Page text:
Professors for hire
I’m writing this in the “151 Bar” of the Hyatt Regency hotel in Chicago, to the accompaniment of a Diet Coke (an unusual tipple for Beard) and a chicken quesedilla (an equally unusual food). Apart from two brief cab-rides to restaurants, I haven’t left this hotel for three days. The only real glimpse of the Windy City for me has been from my bedroom window (thirtieth floor but still not particularly inspiring – being face to face with a yet taller office block).
The reason for being here is the annual APA conference, the biggest classical conference in the USA (and therefore the world). These vast American jamborees are strange affairs. There are literally thousands of punters, which means that “plenary sessions” are more or less impossible (you need a vast ballroom to fit in even half those who attend). Instead there are dozens of “parallel panel sessions”, four to six mini papers of 15 or 20 minutes, grouped (rather optimistically sometimes) around a single theme.
But like with most conferences, it’s not the lectures that you go for.
Nor is it just the socialising -- though there’s plenty of that. In fact, I have to say that hundreds of middle-aged classicists, self included, traipsing round a vast hotel in search of the best party is not always a pretty sight. (“The Harvard party’s serving Bourbon. . .” someone says; so off we all rush. . .)
More than that,, one of the main purposes of the thing is the “job market”. It’s at the APA that most US universities looking to “hire” new academic staff do their preliminary interviews. You can easily spot the candidates. They are the ones you see in lift (aka elevator), looking a bit anxious and slightly too smartly dressed for young men and women. The senior Faculty doing the interviews are the ones you don’t see at all until the late night parties – because they are closeted in some elegant suite somewhere (the rules being that you cant interview in a room with a bed in it, so it cant be in a standard hotel room), grilling the unfortunate young all day, every day.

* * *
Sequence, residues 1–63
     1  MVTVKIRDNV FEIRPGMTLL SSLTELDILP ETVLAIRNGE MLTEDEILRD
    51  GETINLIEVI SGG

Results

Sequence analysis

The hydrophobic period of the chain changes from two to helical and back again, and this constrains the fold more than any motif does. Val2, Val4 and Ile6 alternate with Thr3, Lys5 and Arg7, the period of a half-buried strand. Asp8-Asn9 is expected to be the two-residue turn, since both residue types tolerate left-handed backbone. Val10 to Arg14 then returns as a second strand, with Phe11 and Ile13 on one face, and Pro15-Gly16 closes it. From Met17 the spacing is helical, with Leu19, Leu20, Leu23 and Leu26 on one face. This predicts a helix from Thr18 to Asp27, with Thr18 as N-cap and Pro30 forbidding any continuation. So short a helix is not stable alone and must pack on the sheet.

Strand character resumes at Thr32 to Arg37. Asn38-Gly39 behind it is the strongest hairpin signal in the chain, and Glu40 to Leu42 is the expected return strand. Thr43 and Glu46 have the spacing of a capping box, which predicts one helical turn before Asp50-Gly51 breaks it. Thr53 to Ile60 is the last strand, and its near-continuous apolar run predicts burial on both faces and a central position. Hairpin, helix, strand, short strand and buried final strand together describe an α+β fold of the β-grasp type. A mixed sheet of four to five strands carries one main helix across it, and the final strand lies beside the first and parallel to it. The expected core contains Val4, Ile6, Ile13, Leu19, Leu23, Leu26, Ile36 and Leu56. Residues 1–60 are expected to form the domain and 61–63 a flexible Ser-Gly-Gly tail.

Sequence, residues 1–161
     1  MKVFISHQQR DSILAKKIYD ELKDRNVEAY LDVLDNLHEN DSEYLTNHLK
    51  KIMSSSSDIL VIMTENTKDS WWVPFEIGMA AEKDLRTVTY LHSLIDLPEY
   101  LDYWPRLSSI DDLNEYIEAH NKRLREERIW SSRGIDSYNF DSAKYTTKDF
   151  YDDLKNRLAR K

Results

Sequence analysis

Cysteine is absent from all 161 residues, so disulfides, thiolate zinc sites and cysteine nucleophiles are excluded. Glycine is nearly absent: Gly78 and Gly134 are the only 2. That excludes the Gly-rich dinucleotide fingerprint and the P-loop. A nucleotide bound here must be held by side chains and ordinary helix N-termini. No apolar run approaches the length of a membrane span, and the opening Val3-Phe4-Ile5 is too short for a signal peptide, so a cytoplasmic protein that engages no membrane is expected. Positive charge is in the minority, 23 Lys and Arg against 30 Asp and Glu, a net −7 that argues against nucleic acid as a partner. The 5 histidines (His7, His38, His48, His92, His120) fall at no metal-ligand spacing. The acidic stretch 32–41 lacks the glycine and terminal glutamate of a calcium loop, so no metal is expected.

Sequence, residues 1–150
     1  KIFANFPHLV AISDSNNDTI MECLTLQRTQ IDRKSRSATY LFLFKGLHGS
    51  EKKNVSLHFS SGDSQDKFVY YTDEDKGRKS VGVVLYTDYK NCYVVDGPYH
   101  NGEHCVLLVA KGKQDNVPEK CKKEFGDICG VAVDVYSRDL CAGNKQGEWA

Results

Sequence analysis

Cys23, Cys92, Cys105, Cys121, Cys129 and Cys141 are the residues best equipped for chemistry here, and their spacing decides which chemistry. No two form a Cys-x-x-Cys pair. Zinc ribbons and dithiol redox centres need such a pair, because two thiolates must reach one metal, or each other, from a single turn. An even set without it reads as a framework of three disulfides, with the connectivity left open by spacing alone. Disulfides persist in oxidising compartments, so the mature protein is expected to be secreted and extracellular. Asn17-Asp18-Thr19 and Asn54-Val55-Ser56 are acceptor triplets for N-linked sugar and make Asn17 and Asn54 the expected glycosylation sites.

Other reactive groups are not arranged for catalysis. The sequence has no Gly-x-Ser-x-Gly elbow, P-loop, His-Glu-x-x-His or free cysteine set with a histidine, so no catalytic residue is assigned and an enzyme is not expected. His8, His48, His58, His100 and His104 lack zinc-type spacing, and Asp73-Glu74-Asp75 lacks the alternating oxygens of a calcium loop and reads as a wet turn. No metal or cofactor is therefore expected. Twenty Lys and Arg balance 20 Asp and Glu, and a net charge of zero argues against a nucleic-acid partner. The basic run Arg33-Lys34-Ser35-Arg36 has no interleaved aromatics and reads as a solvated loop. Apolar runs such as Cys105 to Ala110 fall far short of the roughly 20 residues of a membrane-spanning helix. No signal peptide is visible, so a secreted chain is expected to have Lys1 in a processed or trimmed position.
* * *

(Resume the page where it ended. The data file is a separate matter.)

This is actually only the start of the process of hiring. Those of us used to the British system (if you want to appoint someone, you advertise, short list, get all the short-listed candidates called for interview on the same day . . . then you make your mind up, there and then, end of story) find the whole business strangely protracted. The candidates who make it through the first round at the conference then get to go on campus visits (to give a lecture, meet the students, the Faculty etc … but never never overlap with the other candidates). All that takes weeks and weeks, which is then followed by more weeks and weeks during which (or this is how it seems from the outside) the Faculty battles with the Dean, to get the candidate they want; for some reason Deans always seem to want to appoint someone the Faculty doesn’t like (and vice versa).
I used to find this whole palaver rather puzzling. But I’ve now decided that it’s more than just a process of job selection, it’s a ritual of bonding; which is why US academics talk about "hiring" all the time. It's a unifying cultural discourse. It fulfils, in other words, the same function as exams and grades in Cambridge -- about which most people in the outside world think that we are as ridiculously obsessed as the Americans are about who is going to get the advertised position in the University of wherever.
Whether some mark is b+++/a?- or ba/a--?- doesn’t honestly amount to a hill of beans, but discussion of such niceties is how we bond. Which is why we take it all so terribly seriously. Indeed my own Faculty in Cambridge used to have a "Plainman's Guide" to such systenms of evaluation (later, politically correctly, changed to a "Plainperson's Guide") explaining the intricacies of the b?+/??- - system to new staff.
Different cultures, different rules.